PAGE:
(tinctura Simaruba officinalis)
from AMAZON HERBS®
Simaruba (Simarauba) is a tall tree, indigenous to the Amazon rainforest, growing up to more than 60 feet in height; it has a smooth grayish bark. The parts that are used medicinally are the inner-bark and leaves.
The bark is odorless, difficult to powder, and very bitter.
The powdered or chopped up bark is used for the following conditions: infections (candida yeast, parasitic, respiratory) and prostatitis (swelling and inflammation of the prostate gland).
Quassinoids, (phytochemicals of the Simaroubaceae plant family) responsible for the anti-amebic and anti-malarial properties, have also shown to possess active anticancer properties.
In Traditional Medicine in Suriname, it is used in the latter stage of dysentery*, when the stomach is not affected. In Brazil it is the foremost natural remedy against chronic and acute dysentery.
It restores the lost tone of the intestines, promotes the secretions, and disposes the patient to sleep.
For its use, it has been called "Dysentery bark" but is also a haemostatic agent (stops bleeding).
It is also employed in the treatment of malaria and used as a tonic.
Simarouba bark tincture & medicinal tea can be the first line of defense for amebic dysentery and diarrhea. It's also a natural remedy against viruses.
Phytochemicals: Anthraquinones, Ascorbic - acid, Beta - carotene, Beta - sitosterol, Beta - lapachone, Calcium, Chromium, Chrysophanic - acid, Cobalt, Fat, Fiber, Iron, Lapachol, Magnesium, Naphthoquinones, Niacin, Phosphorus, Potassium, Protein, Riboflavin, Selenium, Silicon, Thiamin, Zinc.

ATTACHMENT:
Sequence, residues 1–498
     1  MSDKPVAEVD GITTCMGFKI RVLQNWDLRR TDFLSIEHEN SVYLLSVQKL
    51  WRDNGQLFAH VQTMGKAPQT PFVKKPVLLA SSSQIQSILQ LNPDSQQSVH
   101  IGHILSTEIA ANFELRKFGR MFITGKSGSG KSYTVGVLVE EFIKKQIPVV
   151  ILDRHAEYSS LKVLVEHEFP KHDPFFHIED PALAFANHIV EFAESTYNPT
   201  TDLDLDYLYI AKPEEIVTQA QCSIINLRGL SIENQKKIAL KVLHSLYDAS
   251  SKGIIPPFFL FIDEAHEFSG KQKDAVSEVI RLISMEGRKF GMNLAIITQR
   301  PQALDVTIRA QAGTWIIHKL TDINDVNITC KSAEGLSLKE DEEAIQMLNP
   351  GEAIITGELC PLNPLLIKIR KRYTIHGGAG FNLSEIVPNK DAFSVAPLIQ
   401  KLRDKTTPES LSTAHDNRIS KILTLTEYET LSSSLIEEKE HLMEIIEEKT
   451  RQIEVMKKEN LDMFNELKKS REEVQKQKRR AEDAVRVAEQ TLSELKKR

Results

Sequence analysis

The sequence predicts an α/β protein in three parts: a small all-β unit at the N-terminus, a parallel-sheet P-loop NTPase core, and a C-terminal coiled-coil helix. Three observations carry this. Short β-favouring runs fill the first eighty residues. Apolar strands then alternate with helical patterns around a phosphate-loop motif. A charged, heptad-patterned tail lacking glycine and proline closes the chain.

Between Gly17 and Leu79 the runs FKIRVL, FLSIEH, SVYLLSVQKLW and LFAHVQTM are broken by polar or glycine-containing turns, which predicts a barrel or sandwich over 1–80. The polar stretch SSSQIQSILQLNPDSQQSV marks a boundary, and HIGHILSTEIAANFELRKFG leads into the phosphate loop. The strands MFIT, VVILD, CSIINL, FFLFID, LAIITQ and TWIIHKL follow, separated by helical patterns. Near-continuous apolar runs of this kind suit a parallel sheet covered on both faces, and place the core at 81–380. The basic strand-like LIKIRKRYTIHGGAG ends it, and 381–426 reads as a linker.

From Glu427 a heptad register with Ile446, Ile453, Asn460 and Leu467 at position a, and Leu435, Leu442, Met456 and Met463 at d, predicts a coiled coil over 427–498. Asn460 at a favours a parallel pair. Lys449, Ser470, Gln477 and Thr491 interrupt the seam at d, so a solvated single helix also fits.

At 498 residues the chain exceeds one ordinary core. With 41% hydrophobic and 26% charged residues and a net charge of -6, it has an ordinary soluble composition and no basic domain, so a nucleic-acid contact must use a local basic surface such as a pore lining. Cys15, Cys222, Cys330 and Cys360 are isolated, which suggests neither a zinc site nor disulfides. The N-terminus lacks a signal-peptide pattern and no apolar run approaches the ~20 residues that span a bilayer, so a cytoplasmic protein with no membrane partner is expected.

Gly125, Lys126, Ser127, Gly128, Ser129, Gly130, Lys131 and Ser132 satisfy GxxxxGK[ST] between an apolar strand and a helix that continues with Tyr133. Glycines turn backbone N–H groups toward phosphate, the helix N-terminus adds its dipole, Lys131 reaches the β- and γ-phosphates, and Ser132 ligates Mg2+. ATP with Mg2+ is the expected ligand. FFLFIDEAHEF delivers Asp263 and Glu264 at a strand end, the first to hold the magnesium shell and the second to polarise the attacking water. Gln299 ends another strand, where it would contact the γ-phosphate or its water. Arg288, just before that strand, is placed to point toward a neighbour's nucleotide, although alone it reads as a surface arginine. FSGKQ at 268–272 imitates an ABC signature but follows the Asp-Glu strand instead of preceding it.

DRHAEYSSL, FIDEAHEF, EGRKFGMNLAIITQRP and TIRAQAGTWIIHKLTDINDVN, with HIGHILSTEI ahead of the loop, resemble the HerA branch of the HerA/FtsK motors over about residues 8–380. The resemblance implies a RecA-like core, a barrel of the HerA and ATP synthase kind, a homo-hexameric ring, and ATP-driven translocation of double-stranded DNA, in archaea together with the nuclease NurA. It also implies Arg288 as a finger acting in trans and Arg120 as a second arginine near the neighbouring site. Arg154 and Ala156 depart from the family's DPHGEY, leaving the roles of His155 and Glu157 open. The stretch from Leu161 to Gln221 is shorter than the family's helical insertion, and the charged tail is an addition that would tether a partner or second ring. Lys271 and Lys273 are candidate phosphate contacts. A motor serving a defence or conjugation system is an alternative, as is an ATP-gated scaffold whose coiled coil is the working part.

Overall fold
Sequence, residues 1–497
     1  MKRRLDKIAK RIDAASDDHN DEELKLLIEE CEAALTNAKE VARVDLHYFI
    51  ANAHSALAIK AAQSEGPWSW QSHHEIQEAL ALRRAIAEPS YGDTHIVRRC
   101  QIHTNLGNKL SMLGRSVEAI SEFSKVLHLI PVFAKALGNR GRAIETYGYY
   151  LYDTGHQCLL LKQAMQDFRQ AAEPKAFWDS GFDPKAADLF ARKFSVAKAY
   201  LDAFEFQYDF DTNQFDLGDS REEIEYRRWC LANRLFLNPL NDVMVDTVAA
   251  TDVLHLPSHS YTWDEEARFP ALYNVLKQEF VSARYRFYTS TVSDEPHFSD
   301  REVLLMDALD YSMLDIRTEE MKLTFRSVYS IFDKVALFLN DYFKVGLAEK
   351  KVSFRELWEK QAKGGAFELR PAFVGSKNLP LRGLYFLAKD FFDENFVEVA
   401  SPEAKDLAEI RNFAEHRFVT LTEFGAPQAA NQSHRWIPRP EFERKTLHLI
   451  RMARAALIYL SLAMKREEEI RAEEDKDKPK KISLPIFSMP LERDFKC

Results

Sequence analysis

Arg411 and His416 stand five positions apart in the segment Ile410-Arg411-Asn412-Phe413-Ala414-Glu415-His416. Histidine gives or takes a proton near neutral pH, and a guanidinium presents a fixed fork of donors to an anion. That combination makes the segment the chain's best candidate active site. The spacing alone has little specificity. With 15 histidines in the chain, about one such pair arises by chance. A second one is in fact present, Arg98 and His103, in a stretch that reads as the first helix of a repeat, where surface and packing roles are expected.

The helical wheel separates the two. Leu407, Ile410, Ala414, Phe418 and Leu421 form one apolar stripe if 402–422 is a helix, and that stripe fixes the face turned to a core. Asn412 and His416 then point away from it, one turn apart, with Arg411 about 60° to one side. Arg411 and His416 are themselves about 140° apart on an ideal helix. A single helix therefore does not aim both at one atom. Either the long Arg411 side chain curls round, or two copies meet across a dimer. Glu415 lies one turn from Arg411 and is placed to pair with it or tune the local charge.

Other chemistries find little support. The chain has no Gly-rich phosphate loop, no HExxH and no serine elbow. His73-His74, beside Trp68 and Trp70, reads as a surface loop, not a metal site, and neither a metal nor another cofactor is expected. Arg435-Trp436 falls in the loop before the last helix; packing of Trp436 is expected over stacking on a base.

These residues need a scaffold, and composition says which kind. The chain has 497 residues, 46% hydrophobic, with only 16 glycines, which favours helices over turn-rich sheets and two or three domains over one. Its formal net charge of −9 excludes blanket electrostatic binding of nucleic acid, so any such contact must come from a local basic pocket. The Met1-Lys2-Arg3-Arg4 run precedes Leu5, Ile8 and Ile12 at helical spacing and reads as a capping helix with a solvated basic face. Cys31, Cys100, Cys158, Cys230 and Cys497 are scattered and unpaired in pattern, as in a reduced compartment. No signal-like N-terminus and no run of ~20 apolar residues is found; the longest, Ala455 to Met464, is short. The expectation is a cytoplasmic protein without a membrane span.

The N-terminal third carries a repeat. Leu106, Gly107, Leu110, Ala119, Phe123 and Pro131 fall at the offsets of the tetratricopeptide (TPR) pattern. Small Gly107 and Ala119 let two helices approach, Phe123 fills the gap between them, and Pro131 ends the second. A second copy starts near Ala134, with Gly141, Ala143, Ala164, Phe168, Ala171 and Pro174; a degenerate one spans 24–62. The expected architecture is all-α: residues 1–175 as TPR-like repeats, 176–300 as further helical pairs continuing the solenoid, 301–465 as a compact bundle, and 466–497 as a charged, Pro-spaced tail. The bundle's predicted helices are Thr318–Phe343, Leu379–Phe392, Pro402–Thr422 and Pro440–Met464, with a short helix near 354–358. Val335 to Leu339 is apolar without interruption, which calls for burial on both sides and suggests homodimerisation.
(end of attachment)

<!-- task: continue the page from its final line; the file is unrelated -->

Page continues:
The quassinoids, responsible for the anti-amebic and antimalarial properties, have also shown in clinical research to possess active cancer-killing properties.
Simaruba has the ability to kill the most common dysentery-causing organism, Entamoeba histolytica, as well as two diarrhea-causing bacteria, Salmonella and Shigella.
Research confirmed strong antiviral properties of the bark in vitro against herpes, influenza, polio, and vaccinia viruses.
Tincture: 1 - 3 ml daily
Infusion (herbal tea): 1 - 2 cups / daily.
Side effects and/or interactions
Nausea and dizziness; in large doses it produces sickness and vomiting.
Do not take while pregnant or breast feeding.
*Dysentery: an inflammatory disorder of the intestine, especially of the colon, resulting in severe with fever and abdominal pains. If left untreated, it can be fatal.
The most common cause of the disease in developed countries is infection with a bacillus of the Shigella group.
For more information on Simaruba, go to the "Simaruba plant" page.
Effect of the quassinoids glaucarubolone and simalikalactone D on growth of cells permanently infected with feline and human immunodeficiency viruses and on viral infections.
Morre, D.J., et al.
Life Sci. 1998; 62(3): 213-9.
Anti-tuberculosis activity of quassinoids. Rahman, S., et al.
Chem. Pharm. Bull. 1997; 45(9): 1527-9.
Search for new antiviral agents of plant origin.
Kaif-A-Kamb, M., et al.
Pharm. Acta Helv. 1992; 67(5–6): 130–147.
The isolation and structure of 13,18-dehydroglaucarubinone, a new antineoplastic quassinoid from Simarouba amara.
Experientia. 1978; 34(9): 1122–23.
Antitumor plants. IV. Constituents of Simarouba versicolor.
Ghosh, P. C., et al.
Lloydia. 1977; 40(4): 364–69.
Potential anticancer agents VI. Constituents of Ailanthus excelsa (Simaroubaceae).
Ogura, M. et al.
Lloydia. 1977; 40(6): 579–84.
The above presentation is for informational and educational purposes only.
It is based on scientific studies (human, animal, or in vitro), clinical experience, or traditional usage.
For many of the conditions discussed, treatment with prescription or over - the - counter (OTC) medication is also available.
Consult your doctor, practitioner, and/or pharmacist for any health problem and before using dietary supplements or before making any changes in prescribed medications.
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